How to Engage Mental Health in Your Church

Posted by Aaron Buer on December 12, 2019

There’s something going on in our culture that we need to talk about. 

The latest statistics I’ve read show that around 18% of Americans have been diagnosed with an anxiety disorder. 

I think most experts would argue that this number is low because many people are struggling with various levels of anxiety without professional help. 

A second statistic that is staggering is that suicide is the second leading cause of death for people aged 10-34.  

Mental health is a serious issue for our people. 

This is a conversation that we need to engage as church leaders. 

Our people need help!

How?

I have a few ideas.  

Learn

We need to engage this conversation but we need to do it in a wise way. 

Inaccurate and unhelpful information can hinder people in our churches who are struggling with anxiety, depression or other forms of mental health. 

Because of this, it is really important that we learn.

Before we speak, we need to be able to answer the question, “What’s it like to be you?”  

Rebekah Lyons has a very helpful and biblical voice in this conversation. 

I found her recent conversation on Carey Neiuwhof’s podcast to be enlightening. 

Also, Rebekah has written a few great books.

Here is her newest.  

Mental-Health_Rebekah-Lyons

https://careynieuwhof.com/mypodcast/

Secondly, I am sure there are people in your life who have or are battling forms of mental health. 

Ask them to share with you what that struggle is like.

Listening well to this conversation will empower you to engage others in a thoughtful and empathetic way. 

In addition, learning from others will protect us from using unhelpful or hurtful words and phrases.  

For example, something I’m working on because of the learning I’ve done is to be very careful and specific in my wording from the stage. 

Anxiety is a loaded term.

I often think of “anxiety” as a synonym of “stress” or “worry” but for many in our congregation, their experience with anxiety is closer to “clinical anxiety” which is probably best understood as a disorder.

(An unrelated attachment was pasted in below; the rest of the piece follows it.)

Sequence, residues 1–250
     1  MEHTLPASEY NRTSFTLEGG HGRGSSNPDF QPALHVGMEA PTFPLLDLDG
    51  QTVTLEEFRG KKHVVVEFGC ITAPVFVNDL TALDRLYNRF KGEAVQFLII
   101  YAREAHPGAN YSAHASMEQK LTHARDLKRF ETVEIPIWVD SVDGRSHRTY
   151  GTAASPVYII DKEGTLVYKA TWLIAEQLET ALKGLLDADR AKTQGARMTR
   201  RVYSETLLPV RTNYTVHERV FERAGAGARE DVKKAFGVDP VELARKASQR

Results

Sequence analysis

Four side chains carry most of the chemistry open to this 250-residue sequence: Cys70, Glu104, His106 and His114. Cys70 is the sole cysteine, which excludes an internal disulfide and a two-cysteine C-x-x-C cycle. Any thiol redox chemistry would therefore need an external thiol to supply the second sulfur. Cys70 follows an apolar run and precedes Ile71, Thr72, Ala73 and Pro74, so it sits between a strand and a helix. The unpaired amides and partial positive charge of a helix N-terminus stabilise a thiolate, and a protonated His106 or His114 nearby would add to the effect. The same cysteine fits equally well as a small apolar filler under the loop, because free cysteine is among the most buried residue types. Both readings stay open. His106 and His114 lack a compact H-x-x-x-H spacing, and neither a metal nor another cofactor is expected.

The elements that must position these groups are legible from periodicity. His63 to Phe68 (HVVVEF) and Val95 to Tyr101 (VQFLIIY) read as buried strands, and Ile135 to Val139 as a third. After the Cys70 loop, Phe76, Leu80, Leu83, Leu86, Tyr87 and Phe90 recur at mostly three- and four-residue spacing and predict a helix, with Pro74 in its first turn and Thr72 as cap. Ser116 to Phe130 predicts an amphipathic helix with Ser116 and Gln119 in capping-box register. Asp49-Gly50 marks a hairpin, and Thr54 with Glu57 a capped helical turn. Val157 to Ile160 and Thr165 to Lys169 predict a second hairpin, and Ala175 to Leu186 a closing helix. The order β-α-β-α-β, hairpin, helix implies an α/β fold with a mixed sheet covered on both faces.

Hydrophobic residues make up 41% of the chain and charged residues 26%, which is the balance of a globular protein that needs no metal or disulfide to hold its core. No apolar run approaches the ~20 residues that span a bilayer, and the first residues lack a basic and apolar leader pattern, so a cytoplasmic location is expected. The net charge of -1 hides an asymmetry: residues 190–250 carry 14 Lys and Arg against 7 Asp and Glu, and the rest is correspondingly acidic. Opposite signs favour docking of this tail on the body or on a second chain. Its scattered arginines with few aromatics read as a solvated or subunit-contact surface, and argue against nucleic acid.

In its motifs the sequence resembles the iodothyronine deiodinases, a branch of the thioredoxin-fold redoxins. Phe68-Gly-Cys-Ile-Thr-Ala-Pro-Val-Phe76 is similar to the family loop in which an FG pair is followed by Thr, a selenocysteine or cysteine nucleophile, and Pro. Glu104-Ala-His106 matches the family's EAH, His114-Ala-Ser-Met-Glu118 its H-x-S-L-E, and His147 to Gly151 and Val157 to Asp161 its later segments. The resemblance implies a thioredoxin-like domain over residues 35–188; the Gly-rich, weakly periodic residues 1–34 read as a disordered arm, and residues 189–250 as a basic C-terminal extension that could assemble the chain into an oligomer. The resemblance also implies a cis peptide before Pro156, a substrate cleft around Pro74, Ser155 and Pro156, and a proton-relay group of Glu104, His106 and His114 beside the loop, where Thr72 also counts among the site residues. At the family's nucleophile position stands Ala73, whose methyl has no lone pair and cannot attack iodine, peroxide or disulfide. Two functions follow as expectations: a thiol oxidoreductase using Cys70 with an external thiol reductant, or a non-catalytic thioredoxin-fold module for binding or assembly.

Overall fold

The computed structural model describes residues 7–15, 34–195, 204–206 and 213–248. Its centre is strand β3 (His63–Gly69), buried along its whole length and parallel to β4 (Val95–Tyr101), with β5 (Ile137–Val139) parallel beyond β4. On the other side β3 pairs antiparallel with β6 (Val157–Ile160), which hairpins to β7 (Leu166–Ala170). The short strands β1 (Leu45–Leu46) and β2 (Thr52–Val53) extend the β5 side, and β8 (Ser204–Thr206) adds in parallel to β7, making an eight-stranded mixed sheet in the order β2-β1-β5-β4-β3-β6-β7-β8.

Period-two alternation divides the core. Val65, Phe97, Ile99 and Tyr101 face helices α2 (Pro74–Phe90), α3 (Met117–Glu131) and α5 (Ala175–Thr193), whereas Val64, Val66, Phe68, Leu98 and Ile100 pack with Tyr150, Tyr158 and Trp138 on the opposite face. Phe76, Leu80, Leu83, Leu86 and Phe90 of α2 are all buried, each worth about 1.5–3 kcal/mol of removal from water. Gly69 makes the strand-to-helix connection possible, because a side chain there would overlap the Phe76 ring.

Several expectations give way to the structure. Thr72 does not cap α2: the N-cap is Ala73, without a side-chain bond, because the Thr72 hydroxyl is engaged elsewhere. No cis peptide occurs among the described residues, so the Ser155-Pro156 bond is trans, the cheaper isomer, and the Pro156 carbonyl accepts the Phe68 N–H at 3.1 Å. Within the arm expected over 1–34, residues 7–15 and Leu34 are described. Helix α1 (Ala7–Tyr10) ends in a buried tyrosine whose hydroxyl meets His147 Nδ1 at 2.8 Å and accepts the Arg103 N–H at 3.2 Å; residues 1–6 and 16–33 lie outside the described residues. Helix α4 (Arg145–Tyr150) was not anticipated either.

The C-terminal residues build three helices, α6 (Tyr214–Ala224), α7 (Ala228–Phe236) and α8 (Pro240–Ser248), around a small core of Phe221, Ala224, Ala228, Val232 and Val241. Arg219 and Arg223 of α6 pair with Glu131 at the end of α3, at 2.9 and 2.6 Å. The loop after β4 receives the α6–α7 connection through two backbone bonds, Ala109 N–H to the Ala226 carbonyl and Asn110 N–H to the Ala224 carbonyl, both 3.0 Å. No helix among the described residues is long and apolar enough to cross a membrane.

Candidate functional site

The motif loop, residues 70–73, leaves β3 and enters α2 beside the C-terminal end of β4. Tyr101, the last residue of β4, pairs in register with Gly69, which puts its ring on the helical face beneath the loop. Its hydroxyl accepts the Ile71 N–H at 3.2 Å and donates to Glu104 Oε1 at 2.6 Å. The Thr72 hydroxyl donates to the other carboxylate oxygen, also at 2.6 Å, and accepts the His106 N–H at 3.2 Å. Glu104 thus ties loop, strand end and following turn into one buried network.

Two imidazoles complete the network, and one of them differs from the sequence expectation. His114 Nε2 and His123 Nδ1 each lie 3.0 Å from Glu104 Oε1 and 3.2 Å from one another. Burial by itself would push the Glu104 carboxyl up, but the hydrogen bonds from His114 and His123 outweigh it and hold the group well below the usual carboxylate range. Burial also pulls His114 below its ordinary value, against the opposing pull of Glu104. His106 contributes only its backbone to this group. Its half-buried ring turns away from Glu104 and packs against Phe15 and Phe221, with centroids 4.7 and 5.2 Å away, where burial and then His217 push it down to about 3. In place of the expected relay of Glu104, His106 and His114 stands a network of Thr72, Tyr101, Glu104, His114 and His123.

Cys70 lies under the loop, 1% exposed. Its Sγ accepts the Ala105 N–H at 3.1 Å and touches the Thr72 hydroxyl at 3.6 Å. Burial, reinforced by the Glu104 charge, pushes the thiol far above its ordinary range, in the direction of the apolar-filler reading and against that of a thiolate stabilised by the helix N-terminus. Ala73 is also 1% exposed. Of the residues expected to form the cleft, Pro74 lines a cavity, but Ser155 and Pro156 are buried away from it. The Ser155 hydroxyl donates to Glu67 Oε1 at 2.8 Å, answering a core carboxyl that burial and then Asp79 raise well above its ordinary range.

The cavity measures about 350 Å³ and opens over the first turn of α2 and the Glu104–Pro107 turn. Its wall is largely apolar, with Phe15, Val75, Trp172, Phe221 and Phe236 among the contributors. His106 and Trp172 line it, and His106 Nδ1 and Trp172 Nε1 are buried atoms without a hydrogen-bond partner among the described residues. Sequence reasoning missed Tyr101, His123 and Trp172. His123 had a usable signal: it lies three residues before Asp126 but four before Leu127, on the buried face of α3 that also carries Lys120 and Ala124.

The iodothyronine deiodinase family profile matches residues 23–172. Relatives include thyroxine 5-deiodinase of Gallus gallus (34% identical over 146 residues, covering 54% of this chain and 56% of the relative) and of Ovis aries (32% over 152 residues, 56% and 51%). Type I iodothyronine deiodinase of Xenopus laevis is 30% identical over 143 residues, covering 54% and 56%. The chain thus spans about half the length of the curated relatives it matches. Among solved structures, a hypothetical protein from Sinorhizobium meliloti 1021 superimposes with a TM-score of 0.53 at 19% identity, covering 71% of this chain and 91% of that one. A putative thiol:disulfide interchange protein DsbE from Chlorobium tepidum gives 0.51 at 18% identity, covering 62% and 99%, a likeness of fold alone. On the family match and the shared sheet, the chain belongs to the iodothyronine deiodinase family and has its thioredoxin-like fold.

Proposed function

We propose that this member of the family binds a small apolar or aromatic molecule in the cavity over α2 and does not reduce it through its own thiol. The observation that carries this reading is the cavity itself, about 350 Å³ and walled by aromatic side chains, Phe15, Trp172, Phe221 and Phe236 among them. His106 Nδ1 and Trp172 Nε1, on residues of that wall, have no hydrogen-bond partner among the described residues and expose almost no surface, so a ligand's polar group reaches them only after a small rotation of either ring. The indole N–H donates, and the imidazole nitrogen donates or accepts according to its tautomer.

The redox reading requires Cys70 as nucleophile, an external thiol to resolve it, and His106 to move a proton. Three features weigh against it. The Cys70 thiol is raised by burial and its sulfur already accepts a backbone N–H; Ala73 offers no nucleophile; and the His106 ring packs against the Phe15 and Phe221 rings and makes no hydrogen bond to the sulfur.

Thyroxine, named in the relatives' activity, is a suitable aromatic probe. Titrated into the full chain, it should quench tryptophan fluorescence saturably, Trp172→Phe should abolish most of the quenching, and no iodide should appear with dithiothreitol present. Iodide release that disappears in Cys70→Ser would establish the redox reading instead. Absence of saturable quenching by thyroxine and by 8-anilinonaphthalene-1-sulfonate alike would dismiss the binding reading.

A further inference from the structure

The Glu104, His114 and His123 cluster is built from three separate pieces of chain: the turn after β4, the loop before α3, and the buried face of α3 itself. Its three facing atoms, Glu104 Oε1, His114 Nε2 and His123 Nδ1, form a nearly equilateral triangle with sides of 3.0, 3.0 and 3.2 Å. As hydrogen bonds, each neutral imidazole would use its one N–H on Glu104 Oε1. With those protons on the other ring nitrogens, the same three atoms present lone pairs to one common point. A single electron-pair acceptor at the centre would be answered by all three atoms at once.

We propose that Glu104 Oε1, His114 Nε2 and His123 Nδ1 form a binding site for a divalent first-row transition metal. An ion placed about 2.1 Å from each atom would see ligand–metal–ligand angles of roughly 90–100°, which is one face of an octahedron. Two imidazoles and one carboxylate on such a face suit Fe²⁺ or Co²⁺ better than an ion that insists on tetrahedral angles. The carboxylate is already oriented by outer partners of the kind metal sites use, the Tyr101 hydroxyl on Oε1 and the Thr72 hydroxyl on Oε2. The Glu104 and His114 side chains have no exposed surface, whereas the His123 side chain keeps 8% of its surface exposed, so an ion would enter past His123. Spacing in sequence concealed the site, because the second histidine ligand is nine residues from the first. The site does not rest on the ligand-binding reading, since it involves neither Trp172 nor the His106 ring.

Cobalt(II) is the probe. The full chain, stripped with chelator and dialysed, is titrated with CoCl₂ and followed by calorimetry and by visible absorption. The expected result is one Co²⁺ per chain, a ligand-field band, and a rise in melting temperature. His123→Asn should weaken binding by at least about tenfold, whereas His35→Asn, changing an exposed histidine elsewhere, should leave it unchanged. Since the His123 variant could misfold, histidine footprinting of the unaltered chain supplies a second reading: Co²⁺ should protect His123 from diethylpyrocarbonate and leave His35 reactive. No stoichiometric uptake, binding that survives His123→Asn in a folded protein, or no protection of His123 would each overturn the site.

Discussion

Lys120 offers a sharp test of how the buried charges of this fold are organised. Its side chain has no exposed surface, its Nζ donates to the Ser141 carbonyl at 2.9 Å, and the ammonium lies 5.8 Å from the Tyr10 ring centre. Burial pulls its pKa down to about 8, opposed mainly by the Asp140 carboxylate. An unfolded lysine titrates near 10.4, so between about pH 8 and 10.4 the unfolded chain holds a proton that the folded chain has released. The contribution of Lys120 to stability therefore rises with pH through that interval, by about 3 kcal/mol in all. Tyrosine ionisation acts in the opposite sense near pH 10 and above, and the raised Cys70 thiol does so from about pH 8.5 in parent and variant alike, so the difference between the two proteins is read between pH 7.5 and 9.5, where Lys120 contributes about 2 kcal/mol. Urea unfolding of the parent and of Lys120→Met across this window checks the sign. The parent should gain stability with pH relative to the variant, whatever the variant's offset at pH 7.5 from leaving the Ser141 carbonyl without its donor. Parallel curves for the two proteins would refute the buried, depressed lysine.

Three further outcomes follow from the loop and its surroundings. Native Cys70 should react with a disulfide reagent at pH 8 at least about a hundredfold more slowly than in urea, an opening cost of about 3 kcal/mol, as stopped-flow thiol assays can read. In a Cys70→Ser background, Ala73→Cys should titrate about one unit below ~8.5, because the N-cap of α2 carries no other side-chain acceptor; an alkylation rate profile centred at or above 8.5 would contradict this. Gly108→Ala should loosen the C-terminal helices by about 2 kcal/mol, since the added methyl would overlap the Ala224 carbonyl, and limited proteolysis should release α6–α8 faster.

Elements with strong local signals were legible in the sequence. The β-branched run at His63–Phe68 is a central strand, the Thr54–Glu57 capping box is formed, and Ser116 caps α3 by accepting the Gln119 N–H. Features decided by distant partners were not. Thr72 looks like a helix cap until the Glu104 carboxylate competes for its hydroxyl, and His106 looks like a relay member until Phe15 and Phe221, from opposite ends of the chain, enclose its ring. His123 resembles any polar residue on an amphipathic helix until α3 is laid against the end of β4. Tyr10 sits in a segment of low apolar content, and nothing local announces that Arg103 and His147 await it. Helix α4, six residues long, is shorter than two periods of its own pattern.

So, when I teach the Scripture, “Do not be anxious about anything,” I’m learning to be wise and careful in how I talk about anxiety, stress and worry, being very intentional about my wording.  

This nuanced communication is important and only comes through learning from others.  

Be Vulnerable 

Perhaps the most helpful thing we can do as leaders and teachers is to be authentic about our own struggles and mental health history. 

So many people struggle in the shadows because they feel shame over their mental health challenges.  

Honestly, even bringing up the topics of anxiety, depression and suicide from the stage has opened the door for a lot of good conversation with the people of our church. 

Mental-Health_conversation

I have been thanked by many for talking about mental health.

This tells me that people want and need to talk openly about their personal struggles or the challenges of journeying with others through their mental health challenges. 

Opening the door for these conversations has felt like a huge sigh of relief.  

Also, if you are willing to talk about your own battles and history and how God has met you in those spaces...I’m telling you, God will use your vulnerability in powerful ways.  

Teach Rest and Boundaries 

In my experience, so much of the stress and anxiety that we are experiencing in our culture is a result of a frenetic pace and a lack of boundaries. 

We go, go, go...always producing, always achieving, and never stopping.

And, we often lack boundaries around huge stressors like social media and work.  

God modeled rest for us. 

Sometimes it feels like we believe rest is optional.  

Maybe it was something for the Old Testament people and not us. 

Not true. We were designed to rest—even before the fall.

We were made for boundaries

And when we ignore this good design, we and others pay for it.  

I would encourage us to teach and model rest to our people of all ages—starting with little kids. 

Rest was a normal part of our culture, now it isn’t.

We need to teach people how to rest from work, social media, our phones, from performance and from achievement. 

Rest has become radical teaching in our culture and we are desperate for it.    

Wrap Up

I hope this has been helpful. Thanks for reading. We’d love to hear your thoughts on hospitality in the comments below.



Topics: Advice

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